How to get kids reading

At the beginning of the school year I like to have a book talk with my students -where I share a bunch of the YA books I’ve read over the summer.  I find it’s a good way to model some different ways to talk about books instead of the usual;

“I liked it.”

“It was okay.”

“It was dumb.”

So I talk about plot and characters and genre, stuff like that.  Sharing the books I read is always a bit tricky, because some of them are books I can’t really lend.  I tend to read more YA aimed at the 14-17 set, and I teach 13 year-olds.  I didn’t used to think there was a big difference but there definitely is in terms of the big 3!  That’s drugs, sex and alcohol.  Much more of these in the older YA books.   I found this out the hard way when I lent my copy of Looking for Alaska to a student, only to have her father march the offending book (full of drinking and experimenting with oral sex) into my principal’s office.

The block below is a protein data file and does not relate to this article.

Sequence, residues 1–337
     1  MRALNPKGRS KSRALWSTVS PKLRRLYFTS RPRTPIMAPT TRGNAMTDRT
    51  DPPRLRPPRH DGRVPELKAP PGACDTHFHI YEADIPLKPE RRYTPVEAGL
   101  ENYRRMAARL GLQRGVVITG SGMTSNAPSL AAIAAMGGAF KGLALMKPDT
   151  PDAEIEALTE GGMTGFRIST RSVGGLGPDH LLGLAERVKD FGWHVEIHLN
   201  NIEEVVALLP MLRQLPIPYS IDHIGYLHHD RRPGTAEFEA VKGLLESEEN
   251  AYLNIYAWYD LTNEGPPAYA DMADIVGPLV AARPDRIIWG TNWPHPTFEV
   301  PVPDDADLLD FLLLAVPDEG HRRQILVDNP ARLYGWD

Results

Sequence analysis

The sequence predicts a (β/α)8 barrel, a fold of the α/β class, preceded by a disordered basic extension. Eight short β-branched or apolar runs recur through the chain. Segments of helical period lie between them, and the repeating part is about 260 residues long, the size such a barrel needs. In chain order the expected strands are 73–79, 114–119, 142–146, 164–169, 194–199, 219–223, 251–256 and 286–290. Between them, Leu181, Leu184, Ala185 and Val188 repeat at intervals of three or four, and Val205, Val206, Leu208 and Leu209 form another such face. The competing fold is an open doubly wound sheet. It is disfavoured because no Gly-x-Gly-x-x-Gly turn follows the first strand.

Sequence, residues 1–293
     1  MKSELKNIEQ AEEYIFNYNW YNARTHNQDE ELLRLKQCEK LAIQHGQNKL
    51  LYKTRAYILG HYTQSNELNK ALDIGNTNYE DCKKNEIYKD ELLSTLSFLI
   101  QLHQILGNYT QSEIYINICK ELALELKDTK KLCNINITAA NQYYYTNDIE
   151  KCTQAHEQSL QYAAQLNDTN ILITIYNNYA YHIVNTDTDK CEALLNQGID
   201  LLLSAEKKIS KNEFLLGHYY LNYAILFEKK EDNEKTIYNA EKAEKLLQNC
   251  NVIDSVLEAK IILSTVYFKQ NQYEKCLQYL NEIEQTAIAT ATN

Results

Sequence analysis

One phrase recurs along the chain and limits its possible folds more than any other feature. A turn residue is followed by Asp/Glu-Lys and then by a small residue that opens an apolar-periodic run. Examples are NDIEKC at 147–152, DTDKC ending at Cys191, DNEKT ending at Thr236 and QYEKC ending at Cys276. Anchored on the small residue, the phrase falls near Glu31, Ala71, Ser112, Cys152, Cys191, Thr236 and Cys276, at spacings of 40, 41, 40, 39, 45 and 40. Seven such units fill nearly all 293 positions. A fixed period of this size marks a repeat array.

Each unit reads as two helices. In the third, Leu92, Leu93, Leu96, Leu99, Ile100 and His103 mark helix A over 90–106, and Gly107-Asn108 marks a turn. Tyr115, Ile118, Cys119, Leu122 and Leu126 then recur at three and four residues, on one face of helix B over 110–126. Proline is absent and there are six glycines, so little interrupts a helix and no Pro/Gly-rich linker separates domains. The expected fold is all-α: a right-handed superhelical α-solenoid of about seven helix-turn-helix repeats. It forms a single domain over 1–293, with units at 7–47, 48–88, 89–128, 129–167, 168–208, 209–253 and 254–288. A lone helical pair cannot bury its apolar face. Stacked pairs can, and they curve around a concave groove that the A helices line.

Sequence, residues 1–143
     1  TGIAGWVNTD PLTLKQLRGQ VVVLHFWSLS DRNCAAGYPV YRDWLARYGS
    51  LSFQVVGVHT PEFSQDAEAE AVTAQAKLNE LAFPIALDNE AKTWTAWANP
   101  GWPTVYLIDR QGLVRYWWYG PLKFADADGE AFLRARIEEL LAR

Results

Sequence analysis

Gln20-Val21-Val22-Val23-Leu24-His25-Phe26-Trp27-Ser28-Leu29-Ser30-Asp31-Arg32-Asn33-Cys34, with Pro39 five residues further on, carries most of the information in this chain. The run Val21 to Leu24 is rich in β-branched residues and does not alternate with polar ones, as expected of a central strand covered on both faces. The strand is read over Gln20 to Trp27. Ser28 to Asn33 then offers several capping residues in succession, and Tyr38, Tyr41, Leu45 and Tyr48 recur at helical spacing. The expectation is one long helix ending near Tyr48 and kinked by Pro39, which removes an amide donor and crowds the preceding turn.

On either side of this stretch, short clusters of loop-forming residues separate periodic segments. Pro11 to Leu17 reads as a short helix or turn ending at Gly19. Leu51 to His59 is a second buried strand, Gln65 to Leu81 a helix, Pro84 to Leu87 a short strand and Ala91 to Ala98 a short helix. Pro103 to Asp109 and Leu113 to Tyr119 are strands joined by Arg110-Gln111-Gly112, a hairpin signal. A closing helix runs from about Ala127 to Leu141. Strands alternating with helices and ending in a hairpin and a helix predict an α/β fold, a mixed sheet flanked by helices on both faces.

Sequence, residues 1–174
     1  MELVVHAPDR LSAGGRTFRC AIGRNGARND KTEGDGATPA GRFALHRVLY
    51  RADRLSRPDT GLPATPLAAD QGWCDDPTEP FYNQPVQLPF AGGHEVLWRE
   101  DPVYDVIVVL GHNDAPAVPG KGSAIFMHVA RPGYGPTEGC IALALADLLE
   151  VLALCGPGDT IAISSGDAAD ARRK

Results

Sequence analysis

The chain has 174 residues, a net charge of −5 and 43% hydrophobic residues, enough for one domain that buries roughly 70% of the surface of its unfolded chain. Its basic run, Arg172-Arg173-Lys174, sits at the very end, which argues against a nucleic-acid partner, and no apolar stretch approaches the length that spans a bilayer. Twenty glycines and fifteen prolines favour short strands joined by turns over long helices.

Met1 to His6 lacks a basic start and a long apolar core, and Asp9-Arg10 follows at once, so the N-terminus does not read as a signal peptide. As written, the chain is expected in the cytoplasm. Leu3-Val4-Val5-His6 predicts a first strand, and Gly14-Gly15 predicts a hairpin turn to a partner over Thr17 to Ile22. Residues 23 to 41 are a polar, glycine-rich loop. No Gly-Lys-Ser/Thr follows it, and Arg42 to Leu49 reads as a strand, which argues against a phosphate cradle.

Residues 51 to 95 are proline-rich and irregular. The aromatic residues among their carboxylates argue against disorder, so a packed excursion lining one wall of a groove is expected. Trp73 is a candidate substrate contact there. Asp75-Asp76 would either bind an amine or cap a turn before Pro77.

My parents never censored what I read.  So I suppose I was a little surprised at his horror.  But I understand.  (After all, my parents also used to take us to nude beaches.)  Some kids are more sheltered than others and some parents want more control over what their kids read.  (As a side note, I think the way sexuality is explored in Looking for Alaska is brilliant and not at all gratuitous.  Great book -read it!)

So even though I don’t necessarily lend the stuff I read, I do talk about it and always make sure to mention that it’s available at the public library.  Because even though I can’t lend the physical book out, there’s nothing more enticing to a 13 year old than being told a book is “dangerous”.  Or that the content is too risque for their teacher to lend out.  I pat the book lightly, talk about how good it is, and then slide it to the side and watch them stare hungrily at the forbidden fruit.

I had this experience this year with Matt De La Pena’s book Ball Don’t Lie.  This book has great voice and a story that most of my suburbanite kiddos would find somewhat shocking, exciting, and enlightening.  I was especially excited because it has a male protagonist and a basketball focus.  So it sits on my “special” shelf where I hope it will entice some of my more reluctant readers to go get a library card.

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